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Date of Award
Dissertation (On-Campus Access Only)
Doctor of Psychology (PsyD)
Steven J Cool, PhD
Alyson Burns, PhD
Historically, the mind arid the body have been approached as, separate fields of study. In recent years, research in the field of psychoneuroimmunology has revealed bidirectional interactions between the brain, the immune system, and the endocrine system. These findings appear to challenge the traditional separation of these systems. These interactions connect parts of the brain associated with emotion and memory to parts of the body involved in extensive physiologic process including the immune response. It is proposed that placebo responding takes place as a result of these bidirectional interactions. A hypothesis outlines the potential mechanisms that may result in placebo responding, both from a psychological and a physiological perspective. Placebo responding should not be regarded as the result of deceptive measures, but rather as the result of a positive therapeutic alliance.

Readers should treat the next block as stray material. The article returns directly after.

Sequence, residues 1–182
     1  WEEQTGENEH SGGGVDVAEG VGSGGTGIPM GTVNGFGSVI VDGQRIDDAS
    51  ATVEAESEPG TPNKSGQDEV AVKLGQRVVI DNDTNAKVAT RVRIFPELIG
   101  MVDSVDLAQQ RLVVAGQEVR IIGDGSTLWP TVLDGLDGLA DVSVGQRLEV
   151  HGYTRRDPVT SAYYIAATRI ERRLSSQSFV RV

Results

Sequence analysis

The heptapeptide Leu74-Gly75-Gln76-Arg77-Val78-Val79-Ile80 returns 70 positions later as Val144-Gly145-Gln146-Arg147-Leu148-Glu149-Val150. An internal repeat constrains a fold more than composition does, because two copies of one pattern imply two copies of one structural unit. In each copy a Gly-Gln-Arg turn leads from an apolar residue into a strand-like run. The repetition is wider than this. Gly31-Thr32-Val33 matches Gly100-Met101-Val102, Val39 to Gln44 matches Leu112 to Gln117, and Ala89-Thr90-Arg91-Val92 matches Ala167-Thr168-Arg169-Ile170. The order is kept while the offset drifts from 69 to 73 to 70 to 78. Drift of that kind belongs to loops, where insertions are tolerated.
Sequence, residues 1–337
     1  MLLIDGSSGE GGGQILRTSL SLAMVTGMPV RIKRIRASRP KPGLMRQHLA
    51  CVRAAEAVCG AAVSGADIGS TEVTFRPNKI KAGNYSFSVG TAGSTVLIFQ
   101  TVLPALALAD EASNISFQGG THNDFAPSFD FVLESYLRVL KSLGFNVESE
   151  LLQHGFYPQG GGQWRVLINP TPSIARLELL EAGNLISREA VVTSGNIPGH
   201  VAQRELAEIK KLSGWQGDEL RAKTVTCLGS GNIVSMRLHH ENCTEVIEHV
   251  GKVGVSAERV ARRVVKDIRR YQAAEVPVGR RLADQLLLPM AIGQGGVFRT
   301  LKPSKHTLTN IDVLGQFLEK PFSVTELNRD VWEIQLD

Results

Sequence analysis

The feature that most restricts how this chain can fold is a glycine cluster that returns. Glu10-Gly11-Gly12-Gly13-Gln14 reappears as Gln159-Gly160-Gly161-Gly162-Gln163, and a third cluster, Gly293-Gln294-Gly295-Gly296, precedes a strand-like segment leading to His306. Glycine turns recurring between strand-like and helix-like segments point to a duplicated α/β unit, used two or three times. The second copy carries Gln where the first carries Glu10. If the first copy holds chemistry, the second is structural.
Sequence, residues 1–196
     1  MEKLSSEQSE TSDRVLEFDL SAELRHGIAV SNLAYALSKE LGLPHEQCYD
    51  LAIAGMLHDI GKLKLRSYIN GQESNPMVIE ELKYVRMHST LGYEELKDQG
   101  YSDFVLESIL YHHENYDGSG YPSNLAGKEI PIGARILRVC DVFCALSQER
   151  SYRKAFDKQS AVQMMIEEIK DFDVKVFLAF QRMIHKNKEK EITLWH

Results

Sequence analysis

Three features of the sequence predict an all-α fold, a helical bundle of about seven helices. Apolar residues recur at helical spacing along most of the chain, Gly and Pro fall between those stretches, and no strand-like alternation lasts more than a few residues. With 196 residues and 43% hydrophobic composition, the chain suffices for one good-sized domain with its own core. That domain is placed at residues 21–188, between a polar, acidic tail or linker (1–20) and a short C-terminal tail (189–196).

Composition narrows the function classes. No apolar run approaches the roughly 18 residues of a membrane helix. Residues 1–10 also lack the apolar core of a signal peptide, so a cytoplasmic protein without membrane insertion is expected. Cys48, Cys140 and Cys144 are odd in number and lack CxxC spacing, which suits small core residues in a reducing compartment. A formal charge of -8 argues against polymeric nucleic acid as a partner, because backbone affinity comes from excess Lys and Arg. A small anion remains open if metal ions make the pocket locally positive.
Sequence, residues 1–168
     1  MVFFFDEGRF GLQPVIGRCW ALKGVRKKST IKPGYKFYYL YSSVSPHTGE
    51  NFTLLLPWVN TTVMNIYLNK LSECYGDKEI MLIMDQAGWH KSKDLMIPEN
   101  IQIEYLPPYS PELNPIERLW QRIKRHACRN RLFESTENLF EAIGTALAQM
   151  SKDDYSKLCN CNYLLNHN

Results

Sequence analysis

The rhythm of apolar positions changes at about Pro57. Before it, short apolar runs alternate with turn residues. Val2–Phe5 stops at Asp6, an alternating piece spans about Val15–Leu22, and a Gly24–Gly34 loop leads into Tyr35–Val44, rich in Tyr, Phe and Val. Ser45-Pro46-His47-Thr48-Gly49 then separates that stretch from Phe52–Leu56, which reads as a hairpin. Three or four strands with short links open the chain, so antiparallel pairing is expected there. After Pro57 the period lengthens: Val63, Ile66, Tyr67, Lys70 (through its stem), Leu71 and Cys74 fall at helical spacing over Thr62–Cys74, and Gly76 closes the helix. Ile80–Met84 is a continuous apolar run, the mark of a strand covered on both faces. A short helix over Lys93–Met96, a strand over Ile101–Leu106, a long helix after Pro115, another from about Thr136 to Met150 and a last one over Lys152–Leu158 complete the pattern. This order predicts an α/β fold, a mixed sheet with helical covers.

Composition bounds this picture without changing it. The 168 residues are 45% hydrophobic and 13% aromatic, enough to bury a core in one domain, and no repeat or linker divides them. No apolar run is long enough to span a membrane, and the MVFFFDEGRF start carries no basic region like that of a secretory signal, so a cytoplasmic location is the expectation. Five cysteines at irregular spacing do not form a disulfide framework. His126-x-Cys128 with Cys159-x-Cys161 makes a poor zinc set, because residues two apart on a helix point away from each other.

Hopkins, Janet Marie (1994). The placebo: From personal connection to clinical deception to neurochemical reception (Doctoral dissertation, Pacific University). Retrieved from: